Britten Crags is the long tracyhte cliffline high up on the eastern side of Heathcote Valley, just below the crest of the major spur running down from Mt Pleasant. At its southern end the cliffline merges into Cattlestop Crag, with an arbitary division between the two at the small wall previously known as Dwarf Wall and listed under Britten Crags, but now known as Little Eiger Wall and listed under Cattlestop, as this is the direction by which it is usually approached.
The crags are situated in the Christchurch City Council's John Britten Reserve, named after the motorcycle entrepreneur who died at an early age, and the climbing area takes its name from the reserve.
The crags comprise about 260 short climbs (up to about 25 metres) which are mostly bolted as sport climbs. Generally these are equipped with 10 mm stainless steel bolts and a double-bolt anchor station. Most anchor stations have paired Fixe ring hangers. The bolting is usually to a sport climbing standard with relatively closely-spaced bolts, but be aware that there are also climbs that rely on a few pieces of trad gear, as well as some pure trad climbs. With its accessibility and the number of climbs, this is the best sport climbing site in the Christchurch area, though Cattlestop is equally popular.
Being horizontally flow-banded trachyte of the Lyttelton volcano, the rock quality is not of the highest quality. Holds can be brittle and may break without warning, and the rock is often friable and may crumble under your feet. WIth the popularity of the climbs most crumbly and loose material has been removed, but take care.
Various local climbers visited the area from the mid 70s onward, and a few routes, both bolted and trad, were established. During the 90s, when sport climbing areas were being actively sought out around Christchurch, the crag and surrounding area were largely closed by the landowner of the time.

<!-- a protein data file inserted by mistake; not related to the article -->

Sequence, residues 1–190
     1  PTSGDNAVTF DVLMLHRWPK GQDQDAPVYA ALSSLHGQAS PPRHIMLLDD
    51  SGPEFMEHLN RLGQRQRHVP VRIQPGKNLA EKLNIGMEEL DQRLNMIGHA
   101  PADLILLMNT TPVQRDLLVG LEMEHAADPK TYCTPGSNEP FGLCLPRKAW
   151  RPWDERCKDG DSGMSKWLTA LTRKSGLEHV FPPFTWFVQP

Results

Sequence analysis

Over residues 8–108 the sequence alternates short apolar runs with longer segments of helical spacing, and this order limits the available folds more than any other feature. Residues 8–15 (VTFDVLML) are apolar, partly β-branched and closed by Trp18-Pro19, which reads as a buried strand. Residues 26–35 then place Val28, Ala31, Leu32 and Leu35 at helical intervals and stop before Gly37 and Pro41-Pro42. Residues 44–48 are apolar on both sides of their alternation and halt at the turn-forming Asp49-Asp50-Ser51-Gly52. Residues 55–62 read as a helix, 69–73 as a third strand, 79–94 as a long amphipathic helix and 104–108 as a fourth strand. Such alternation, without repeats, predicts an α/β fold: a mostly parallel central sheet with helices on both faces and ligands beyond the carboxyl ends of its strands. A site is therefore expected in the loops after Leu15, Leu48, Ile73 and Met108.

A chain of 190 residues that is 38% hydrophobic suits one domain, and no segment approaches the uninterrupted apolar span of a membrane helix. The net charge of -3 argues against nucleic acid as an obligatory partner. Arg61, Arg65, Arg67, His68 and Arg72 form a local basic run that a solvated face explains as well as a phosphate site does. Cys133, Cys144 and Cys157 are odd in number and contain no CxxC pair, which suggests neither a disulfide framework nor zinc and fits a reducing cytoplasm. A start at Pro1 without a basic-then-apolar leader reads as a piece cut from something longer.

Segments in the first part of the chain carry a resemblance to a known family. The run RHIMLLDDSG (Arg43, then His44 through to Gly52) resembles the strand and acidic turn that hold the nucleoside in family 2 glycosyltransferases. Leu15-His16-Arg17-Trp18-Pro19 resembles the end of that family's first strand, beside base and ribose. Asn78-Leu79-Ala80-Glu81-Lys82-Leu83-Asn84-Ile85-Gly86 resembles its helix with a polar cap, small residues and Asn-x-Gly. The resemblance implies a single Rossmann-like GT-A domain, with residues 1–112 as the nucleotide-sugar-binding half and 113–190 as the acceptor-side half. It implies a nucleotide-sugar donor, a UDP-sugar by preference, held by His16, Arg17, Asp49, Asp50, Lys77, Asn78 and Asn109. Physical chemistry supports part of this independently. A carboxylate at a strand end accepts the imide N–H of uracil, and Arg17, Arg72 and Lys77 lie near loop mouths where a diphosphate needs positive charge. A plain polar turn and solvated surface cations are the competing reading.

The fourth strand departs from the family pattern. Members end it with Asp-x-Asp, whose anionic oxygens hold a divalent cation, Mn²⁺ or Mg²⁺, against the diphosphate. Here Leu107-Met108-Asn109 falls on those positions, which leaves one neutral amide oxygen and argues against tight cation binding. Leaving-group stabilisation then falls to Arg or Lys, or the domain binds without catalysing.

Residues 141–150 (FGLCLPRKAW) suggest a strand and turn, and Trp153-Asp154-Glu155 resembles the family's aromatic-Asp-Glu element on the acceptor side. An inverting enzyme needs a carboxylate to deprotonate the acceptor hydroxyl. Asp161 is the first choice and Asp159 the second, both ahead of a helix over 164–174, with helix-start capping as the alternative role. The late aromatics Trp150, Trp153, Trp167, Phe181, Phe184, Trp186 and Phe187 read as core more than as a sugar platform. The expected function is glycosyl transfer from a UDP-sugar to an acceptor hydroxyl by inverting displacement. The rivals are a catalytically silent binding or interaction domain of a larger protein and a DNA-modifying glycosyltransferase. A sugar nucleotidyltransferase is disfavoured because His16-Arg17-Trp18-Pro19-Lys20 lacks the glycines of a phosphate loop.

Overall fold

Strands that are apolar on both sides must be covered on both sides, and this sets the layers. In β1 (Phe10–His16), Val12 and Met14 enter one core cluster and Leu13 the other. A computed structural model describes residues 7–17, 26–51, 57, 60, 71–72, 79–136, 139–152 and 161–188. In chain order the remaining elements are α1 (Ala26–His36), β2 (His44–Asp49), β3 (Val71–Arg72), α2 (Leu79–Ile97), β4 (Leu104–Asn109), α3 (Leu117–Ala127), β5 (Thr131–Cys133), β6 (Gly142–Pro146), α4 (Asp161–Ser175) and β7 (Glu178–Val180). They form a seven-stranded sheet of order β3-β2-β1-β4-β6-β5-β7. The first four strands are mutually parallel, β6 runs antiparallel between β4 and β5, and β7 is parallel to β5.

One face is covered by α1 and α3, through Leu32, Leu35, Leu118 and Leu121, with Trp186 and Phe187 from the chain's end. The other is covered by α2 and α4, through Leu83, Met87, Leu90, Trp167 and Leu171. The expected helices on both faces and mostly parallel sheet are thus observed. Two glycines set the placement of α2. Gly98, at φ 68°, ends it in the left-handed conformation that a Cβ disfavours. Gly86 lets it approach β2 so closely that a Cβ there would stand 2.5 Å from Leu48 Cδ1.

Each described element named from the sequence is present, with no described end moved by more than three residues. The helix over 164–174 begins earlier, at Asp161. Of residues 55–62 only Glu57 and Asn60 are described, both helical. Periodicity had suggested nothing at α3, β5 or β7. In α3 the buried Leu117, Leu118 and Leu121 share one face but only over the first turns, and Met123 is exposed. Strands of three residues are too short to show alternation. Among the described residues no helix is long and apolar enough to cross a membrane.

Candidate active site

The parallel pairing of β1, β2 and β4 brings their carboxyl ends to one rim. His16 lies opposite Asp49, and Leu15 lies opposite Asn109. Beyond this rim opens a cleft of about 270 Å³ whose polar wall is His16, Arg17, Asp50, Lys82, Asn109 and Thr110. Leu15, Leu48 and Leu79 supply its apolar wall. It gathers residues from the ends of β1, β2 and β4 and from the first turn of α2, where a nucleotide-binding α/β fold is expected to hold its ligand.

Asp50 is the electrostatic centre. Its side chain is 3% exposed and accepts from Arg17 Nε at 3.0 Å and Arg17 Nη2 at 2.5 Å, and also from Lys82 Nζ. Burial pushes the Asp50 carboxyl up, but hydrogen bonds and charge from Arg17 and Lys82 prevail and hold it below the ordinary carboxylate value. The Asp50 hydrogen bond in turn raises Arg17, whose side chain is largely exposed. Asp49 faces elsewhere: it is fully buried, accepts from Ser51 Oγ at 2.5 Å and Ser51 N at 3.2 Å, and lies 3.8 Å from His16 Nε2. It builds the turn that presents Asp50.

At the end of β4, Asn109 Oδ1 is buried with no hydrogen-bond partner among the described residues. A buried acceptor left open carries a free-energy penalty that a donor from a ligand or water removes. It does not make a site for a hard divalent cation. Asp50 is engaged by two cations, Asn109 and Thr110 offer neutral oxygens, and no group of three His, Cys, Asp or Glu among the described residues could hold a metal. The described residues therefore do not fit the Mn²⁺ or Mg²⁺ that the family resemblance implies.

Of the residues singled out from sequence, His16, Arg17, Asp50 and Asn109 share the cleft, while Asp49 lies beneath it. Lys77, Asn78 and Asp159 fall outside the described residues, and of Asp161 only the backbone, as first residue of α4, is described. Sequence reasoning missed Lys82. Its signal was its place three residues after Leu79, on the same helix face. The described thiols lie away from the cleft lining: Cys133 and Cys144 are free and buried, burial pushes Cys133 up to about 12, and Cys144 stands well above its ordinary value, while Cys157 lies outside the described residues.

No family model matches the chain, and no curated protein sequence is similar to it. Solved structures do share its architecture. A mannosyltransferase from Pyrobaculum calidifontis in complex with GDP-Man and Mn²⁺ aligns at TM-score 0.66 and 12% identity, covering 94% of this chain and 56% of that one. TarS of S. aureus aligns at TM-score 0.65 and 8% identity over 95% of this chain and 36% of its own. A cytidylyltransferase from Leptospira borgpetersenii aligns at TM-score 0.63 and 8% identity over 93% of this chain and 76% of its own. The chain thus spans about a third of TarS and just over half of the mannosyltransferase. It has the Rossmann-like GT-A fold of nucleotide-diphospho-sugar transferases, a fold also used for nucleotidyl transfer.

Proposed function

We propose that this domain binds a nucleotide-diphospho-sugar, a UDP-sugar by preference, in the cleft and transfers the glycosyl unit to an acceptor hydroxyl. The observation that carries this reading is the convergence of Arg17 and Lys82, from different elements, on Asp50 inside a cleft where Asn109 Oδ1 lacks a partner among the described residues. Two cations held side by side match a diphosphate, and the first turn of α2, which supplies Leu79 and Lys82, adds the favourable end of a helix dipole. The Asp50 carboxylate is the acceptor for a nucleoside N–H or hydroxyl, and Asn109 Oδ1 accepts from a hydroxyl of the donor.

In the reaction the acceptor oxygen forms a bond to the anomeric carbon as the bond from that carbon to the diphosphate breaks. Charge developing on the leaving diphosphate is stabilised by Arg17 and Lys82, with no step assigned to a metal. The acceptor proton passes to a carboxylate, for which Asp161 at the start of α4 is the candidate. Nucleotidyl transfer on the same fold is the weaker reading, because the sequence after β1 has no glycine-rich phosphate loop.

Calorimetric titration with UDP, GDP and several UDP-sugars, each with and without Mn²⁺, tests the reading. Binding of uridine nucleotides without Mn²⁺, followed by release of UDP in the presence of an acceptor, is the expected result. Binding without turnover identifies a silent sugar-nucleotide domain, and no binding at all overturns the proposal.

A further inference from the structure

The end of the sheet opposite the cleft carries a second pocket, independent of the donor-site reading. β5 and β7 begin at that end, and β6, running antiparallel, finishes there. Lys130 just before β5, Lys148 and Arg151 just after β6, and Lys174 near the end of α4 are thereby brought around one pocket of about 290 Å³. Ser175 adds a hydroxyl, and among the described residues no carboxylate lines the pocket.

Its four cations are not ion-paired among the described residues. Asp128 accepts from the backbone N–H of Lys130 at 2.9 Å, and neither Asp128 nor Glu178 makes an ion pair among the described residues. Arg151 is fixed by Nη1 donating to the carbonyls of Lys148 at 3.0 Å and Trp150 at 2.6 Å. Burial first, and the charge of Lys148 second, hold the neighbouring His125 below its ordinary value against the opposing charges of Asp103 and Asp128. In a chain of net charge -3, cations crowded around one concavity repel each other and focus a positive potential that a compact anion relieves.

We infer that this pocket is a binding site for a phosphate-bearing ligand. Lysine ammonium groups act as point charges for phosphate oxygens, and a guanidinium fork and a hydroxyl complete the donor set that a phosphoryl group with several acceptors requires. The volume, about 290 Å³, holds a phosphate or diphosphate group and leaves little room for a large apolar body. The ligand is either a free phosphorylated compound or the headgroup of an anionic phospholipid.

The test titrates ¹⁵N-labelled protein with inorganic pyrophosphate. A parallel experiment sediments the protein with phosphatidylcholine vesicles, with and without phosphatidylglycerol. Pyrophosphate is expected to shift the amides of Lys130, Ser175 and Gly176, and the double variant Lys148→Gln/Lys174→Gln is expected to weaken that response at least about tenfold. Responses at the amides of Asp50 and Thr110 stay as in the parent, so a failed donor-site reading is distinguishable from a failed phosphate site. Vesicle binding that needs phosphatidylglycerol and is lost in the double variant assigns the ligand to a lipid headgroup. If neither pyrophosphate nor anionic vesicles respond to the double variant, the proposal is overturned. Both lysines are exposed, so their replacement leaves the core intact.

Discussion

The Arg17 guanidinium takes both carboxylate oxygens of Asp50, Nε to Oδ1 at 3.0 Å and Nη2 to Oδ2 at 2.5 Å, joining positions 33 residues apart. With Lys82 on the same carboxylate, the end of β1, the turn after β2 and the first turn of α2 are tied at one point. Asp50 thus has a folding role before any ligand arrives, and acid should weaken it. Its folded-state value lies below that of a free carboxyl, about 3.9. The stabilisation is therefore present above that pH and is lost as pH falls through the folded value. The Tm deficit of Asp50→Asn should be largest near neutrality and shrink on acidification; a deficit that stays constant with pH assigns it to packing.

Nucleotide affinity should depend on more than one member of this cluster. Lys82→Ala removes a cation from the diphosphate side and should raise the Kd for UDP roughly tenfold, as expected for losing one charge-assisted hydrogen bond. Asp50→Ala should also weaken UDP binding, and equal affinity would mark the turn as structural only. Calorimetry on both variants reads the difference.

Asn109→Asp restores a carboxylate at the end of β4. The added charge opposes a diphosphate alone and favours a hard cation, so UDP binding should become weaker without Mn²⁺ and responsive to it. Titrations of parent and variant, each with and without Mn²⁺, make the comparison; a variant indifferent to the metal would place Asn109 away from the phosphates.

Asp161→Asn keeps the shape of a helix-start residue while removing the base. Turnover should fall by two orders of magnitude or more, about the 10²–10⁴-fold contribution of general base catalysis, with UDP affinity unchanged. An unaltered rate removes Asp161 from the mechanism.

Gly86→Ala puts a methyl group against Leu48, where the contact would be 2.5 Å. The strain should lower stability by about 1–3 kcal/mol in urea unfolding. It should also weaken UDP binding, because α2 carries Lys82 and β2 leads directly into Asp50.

Disregarding this, a few local climbers who shall remain nameless ventured on to the crags from 1998 onward, surreptitiously establishing a number of sport climbs. Generally these early climbs can be distinguised by the 12 mm galvanised bolts that were often used at that time.
In 1999 climbers became aware that the City Council had a proposal to buy the area as part of a new reserve. This provoked some restlessness among route developers, who were reluctant to wait for the documents to be signed, and by the end of the year a frenzy of route development was taking place, with scores of new routes being added. By the end of 2000 the tally was around 160 climbs, and the gaps were filled in during the following two years, after which the pace of development slowed to a crawl.
During the 2010-2011 eqarthquake sequence in Canterbury some parts of the cliff collapsed. In particular these were most of The Roofs area, Shit Buttress (no surprise with that one), and smaller sections on Winter Wall and The Zoo. Overall the crag has survived remarkably well, considering its close proximity to the 22 February epicentre. Over 90% of the climbs appear to be unaffected.
The rockfalls at both The Roofs and Shit Buttress have left a large deposit of fallen rocks covering the track, so please take particular care when crossing these, though they are stabilising with time and traffic, as well as from work by some local climbers.
Take more care than usual when on routes, and if you do happen to find a loose rock, find a safe direction to drop it and take all the normal precautions that you would when climbing at a newly developed crag. When this crag went through its major development phase in 1999- 2000, many rocks were safely dropped when routes were cleaned, without them rolling down the hill to the fence.
If you find any damaged climbs that haven't been identified already, list them here.